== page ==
ANN ARBOR — A new iPad app that aims to make large lecture classes feel smaller is believed to be the platform’s first integrated student-response, note-taking, and inquiry system with cloud-based storage, say the developers of LectureTools.

The product, created by a University of Michigan startup of the same name, spun out of research by Perry Samson, a professor in the Department of Atmospheric, Oceanic and Space Sciences who has won awards for his teaching practice. The Web-based LectureTools system has been available for laptops for several years, and more recently, for cell phones. Thousands of UM students in dozens of classes have utilized the research version of the system since it became available two years ago.

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As educational institutions from kindergarten through college increasingly explore iPad-in-class initiatives, app developers and educators say LectureTools’ latest foray could be transformative.

“LectureTools is the first end-to-end learning platform in the app store and we look forward to seeing how campuses, K-12 schools, and corporations use our application. We think that this app provides an opportunity for iPads to be used in a more direct, engaging way,” said Jason Aubrey, LectureTools co-founder who graduated from U-M in 2010 with a bachelor’s degree in political science.

The system is an alternative to the traditional clicker-based student response system, and it harnesses the potential of mobile electronic devices to facilitate active learning, rather than to serve as distractions.

Through LectureTools, instructors can present students with interactive activities, including multiple-choice, free response and image-based questions, and students can respond using their mobile device, now including iPads. Students can also relay comprehension concerns about particular slides to the instructor, or submit specific questions that instructors or teaching assistants can view and answer as they arise. Answered questions become anonymously visible to every student in the class and they are saved so they can be reviewed later.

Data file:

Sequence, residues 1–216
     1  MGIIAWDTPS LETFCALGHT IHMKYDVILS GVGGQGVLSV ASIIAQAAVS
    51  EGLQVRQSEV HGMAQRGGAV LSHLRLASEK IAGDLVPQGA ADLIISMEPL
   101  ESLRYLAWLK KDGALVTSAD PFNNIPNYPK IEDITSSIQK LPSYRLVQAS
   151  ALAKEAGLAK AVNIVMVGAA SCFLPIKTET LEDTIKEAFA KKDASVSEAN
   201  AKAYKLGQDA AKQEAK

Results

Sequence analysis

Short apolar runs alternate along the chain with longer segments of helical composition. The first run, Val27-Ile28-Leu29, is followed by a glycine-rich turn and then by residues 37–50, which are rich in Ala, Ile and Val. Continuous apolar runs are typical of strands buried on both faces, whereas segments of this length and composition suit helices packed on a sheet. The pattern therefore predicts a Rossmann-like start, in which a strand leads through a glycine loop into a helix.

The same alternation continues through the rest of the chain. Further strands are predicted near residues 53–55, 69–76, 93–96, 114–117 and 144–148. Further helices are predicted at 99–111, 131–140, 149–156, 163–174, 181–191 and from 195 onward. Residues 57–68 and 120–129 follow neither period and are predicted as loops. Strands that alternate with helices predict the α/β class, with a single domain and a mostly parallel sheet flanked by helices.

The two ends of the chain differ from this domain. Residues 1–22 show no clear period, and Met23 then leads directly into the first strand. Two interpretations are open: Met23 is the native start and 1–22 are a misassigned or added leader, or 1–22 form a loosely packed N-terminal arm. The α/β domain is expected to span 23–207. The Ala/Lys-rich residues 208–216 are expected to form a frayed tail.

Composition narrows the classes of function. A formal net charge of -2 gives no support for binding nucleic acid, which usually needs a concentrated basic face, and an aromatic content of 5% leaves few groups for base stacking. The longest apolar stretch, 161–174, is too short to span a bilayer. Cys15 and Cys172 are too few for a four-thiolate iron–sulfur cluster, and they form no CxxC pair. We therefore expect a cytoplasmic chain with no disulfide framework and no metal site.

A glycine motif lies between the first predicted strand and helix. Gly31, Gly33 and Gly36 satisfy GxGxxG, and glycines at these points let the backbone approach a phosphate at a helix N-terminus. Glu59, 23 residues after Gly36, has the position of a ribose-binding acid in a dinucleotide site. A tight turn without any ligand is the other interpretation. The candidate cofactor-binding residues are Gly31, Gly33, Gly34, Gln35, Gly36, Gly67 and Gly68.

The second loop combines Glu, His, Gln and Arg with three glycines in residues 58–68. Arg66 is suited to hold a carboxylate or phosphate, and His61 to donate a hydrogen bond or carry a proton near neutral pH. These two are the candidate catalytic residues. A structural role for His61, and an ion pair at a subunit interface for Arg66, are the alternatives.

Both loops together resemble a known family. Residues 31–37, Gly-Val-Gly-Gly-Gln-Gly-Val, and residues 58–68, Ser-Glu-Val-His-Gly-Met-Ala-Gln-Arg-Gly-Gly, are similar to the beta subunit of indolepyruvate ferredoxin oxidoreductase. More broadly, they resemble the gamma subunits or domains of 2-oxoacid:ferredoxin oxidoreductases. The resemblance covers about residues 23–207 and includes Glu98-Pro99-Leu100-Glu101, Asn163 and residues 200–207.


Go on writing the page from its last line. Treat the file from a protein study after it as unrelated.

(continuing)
Students can type notes right on instructors’ lecture slides and mark slides they found confusing or important for later review.

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Together, these features create a central location where students can access all of their study materials to help them stay organized and engaged.

A powerful feature that sets the LectureTools iPad app apart, developers say, is its cloud-based storage. Anything added to the app is instantly available online through students’ LectureTools web accounts. This is important in situations where students only have access to iPads in the classroom, but not in the evenings for homework.

“Research shows that use of laptops or cellphones in class can increase student engagement, despite their potential for distraction, when web applications that encourage student participation are employed. Now that iPads have become more popular with learners, we’ve expanded our technology to take full advantage of these devices,” Samson said.  “If you give students a chance to participate, they will.”

The research version of LectureTools received funding from the National Science Foundation. The Ann Arbor-based company utilized resources from U-M’s TechArb business incubator and worked extensively with the Venture Center at the U-M Office of Technology Transfer.

Instructors interested in using LectureTools must create accounts online before they invite students to download the app.

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